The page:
It was during bedtime of the second day at daycare that she mentioned to me the woman without toes.
Or more accurately, without three toes.
Her experience at daycare had so far been a roaring success. A little blond angelic girl had made friends with her, they were continually holding hands, hugging, and whispering to each other, language being no barrier. Her teacher had said she was excellent, and my daughter was angry with us for coming so soon to pick her up.
So on the second day, we went a bit later.
And that night, with her arms around my neck, she shyly told me that a woman who had only two toes, the big one and the last one, and “skin in the place of other toes” had entered their room in the afternoon. Not only did she have just two toes, she also very tall, so much that if she had been a little bit taller, her head would have touched the ceiling, according to my daughter.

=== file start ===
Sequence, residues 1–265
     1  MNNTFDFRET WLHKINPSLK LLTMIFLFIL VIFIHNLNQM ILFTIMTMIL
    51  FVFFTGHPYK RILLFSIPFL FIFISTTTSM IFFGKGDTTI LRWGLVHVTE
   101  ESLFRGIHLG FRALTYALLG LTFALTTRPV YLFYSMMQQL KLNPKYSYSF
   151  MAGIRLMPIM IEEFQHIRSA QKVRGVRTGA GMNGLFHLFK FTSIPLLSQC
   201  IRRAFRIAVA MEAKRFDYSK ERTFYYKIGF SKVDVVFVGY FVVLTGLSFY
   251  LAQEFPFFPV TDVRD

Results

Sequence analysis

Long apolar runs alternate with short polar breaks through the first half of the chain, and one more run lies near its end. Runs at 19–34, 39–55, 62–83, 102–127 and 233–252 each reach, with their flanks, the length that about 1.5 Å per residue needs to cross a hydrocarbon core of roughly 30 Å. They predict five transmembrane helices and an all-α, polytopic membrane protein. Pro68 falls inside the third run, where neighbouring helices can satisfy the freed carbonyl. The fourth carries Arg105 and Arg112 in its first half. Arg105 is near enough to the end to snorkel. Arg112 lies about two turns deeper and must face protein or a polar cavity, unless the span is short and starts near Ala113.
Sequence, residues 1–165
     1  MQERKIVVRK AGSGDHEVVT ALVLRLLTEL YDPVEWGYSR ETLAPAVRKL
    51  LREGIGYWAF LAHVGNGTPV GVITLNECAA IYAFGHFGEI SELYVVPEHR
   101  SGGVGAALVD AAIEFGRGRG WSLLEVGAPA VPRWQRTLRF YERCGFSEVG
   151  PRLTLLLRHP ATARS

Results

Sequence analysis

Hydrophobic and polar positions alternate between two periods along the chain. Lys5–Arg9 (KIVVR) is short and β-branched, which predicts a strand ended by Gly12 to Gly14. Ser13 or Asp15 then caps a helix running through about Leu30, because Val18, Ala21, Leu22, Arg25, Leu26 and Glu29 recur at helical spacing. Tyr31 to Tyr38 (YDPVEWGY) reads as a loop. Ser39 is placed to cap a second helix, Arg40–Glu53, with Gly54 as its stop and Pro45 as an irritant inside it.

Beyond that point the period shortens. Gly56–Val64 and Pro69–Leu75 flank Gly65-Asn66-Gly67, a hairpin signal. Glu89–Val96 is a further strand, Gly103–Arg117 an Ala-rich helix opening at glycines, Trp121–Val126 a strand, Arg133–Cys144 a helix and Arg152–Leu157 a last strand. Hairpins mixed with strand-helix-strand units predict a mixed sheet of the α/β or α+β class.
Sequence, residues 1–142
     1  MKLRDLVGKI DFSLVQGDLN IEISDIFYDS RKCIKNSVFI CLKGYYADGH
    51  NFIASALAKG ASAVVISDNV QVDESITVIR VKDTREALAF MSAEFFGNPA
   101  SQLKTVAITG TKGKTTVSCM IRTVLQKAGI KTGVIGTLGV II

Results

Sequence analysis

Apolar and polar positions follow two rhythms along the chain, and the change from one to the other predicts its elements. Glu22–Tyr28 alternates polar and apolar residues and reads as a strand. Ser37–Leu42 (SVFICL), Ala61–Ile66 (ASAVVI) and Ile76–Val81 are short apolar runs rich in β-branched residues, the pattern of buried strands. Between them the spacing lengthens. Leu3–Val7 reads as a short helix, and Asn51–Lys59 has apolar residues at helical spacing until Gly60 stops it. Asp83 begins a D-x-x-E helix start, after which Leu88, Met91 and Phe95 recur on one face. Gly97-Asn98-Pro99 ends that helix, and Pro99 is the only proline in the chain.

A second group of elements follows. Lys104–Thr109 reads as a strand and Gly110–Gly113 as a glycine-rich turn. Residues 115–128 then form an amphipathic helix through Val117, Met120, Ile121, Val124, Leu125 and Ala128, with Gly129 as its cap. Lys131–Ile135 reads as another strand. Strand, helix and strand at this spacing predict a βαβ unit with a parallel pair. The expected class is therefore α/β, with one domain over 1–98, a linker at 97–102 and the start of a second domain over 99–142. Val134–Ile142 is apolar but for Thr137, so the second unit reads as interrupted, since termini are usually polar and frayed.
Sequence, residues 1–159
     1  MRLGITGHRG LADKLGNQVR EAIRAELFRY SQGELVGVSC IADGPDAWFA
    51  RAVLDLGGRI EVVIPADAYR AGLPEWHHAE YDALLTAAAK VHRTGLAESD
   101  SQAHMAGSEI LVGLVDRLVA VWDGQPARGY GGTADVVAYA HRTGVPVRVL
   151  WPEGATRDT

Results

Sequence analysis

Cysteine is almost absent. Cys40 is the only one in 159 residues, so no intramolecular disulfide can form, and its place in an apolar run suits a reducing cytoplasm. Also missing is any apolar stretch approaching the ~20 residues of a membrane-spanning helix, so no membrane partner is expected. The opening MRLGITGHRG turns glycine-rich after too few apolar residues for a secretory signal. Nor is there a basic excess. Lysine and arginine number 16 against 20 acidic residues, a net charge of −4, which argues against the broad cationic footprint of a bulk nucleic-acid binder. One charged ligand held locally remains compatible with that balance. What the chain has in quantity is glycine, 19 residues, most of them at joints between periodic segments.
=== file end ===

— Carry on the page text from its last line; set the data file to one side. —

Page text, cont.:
My daughter had immediately assumed that this woman had come to take her away. Look at the paranoia lurking deep in the heart of even the most innocent creatures! Why would she think that? Why would she think we had sent a two-toed giantess to pick her up? Lacking English, my daughter could not explain her fears to her teacher, and she had started crying desperately …
Hugging her so hard that she was in danger of breaking her neck, I explained to her that only three people were allowed to pick her up from the daycare: her mother, father, and her uncle, and the daycare was not allowed to give her to ANYBODY else. By this time, my daughter was red-faced, laughing hysterically at her own tale and my shocked reaction, and tears were streaming from her eyes. When she was a bit calmer, I told her that some people sometimes had accidents, and one should act polite and ordinary with these persons.
While inside, I was screaming “Why doesn’t she wear socks?? Why the hell doesn’t she wear socks? Who wants to know about her f**** accident?”